Run by the art museums, the Student Print Rental Program allows students staying in campus housing to rent a print for the academic year. Students may select from a collection of over 250 works of art that include well-known artists such as Pablo Picasso, Joan Miró, and Andy Warhol.
According to Associate Curator of Prints Elizabeth M. Rudy, the curatorial staff evaluates the program’s existing collection every summer, choosing “interesting” pieces in good condition.
“We’re also looking for prints that are very fresh—that is to say, very contemporary—that we think would be inspiring for students to live with for a year,“ Rudy said.
New this year is a discounted rental price: citing a desire to increase the program’s accessibility, overseer of the program Jessica M. Diedalis lowered the rental price from $50 to $30. Students unable to afford the price saw their fee waived.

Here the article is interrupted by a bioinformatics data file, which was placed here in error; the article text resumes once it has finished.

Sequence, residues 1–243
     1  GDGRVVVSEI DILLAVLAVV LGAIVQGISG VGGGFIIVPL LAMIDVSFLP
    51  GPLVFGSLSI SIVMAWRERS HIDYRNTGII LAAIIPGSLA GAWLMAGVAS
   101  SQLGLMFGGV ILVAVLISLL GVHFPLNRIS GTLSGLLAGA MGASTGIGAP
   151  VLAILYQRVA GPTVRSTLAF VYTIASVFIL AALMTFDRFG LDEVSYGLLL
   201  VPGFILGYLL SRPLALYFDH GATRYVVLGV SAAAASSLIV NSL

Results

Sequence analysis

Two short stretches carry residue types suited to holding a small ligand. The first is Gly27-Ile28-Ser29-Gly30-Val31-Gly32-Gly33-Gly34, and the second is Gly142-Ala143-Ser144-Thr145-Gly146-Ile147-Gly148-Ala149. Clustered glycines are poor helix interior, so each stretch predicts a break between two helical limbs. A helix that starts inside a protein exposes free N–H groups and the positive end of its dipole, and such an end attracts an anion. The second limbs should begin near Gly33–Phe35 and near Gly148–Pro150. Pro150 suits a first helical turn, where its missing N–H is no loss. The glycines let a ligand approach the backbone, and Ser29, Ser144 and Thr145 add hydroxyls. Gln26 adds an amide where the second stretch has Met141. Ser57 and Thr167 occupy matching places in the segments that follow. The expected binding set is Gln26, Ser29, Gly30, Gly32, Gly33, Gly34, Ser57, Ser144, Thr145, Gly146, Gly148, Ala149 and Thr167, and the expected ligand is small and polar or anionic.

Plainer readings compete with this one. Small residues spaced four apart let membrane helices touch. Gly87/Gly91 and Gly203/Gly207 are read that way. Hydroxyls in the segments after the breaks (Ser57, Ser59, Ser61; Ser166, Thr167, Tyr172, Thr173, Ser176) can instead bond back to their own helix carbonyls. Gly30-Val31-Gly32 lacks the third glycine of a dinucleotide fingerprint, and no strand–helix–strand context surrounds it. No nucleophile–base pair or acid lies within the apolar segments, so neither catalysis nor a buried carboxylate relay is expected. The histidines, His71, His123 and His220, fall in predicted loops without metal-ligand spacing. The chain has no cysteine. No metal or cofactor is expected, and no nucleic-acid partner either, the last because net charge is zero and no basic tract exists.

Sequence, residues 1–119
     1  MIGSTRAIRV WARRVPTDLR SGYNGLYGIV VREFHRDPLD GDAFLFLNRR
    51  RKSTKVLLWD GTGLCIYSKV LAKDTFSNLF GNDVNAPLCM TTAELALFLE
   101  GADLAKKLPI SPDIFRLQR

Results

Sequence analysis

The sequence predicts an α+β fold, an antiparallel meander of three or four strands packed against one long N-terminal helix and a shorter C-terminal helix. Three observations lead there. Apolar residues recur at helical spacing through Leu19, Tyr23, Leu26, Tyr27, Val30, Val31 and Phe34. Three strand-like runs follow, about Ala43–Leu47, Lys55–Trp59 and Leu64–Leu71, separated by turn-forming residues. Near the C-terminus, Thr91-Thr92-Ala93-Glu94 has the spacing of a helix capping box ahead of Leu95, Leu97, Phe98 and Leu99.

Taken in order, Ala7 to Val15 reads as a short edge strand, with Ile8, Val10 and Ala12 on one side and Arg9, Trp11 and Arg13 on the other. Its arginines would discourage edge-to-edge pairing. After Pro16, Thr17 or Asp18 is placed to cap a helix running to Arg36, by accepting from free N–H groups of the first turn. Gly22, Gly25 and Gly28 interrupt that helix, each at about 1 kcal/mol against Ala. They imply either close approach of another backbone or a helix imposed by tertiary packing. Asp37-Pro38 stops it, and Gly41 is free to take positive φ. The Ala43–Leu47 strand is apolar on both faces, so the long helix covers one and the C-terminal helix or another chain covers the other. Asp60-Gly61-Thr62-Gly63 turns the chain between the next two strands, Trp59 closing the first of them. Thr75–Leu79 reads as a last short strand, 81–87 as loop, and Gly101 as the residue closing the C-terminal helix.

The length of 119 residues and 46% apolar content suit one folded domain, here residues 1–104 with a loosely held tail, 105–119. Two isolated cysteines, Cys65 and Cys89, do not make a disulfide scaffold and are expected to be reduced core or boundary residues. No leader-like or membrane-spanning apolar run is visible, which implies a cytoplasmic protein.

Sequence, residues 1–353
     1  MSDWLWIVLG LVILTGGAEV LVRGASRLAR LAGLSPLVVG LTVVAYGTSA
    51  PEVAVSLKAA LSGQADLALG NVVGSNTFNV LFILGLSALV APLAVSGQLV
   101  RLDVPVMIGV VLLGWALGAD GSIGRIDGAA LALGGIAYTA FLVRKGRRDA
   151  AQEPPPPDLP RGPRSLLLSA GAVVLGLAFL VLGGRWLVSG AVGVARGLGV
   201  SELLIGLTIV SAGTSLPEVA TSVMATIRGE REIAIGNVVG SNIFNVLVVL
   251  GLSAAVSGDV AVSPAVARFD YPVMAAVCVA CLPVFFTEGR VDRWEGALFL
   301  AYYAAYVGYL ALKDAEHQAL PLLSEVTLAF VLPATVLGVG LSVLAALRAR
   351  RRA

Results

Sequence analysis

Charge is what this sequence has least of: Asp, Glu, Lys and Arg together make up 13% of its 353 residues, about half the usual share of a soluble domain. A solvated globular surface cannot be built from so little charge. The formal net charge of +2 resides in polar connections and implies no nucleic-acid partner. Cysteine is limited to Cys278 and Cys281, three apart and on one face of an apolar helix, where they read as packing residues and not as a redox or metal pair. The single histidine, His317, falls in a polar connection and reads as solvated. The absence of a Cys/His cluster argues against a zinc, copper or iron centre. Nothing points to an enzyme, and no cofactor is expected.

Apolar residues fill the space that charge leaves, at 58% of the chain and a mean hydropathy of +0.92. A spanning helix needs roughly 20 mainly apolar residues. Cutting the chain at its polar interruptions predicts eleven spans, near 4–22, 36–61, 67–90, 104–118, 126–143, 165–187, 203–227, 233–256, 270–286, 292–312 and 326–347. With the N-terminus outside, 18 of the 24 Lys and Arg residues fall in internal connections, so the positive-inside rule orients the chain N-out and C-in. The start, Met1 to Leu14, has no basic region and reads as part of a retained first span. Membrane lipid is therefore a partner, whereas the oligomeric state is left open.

“We hoped this adjustment would reach a broader audience in the Harvard community so that more people could enjoy art in their living spaces and really make it a part of their everyday lives,” Diedalis said.
According to Diedalis, the program saw a “really great, positive response” this year and ran out of prints by 2:30 p.m. on the second day of the rental period. The museums offered last-minute rentals during the Harvard Student Late Night at the art museums Thursday, when dozens more students showed up.
Several attendees said that they were hoping to take advantage of Harvard’s resources by participating in the program.
“We thought it would add a nice touch to our room and also make good use of Harvard’s resources,” said Nazeli I. Hagen ’21, who attended the Late Night event with her roommates. “How often can you say you have an actual piece of art in your room for only 30 dollars?”
Justin J. Hancock ’21, who also attended Late Night, said that he was looking to add some decoration to his Thayer dorm room.
“I think it’s really important to create an atmosphere of having a room be some place that you want to live in, and so having this amazing art in your room really provides life to the room,” Hancock said.
—Staff writer Angela N. Fu can be reached at email@example.com. Follow her on Twitter @angelanfu.
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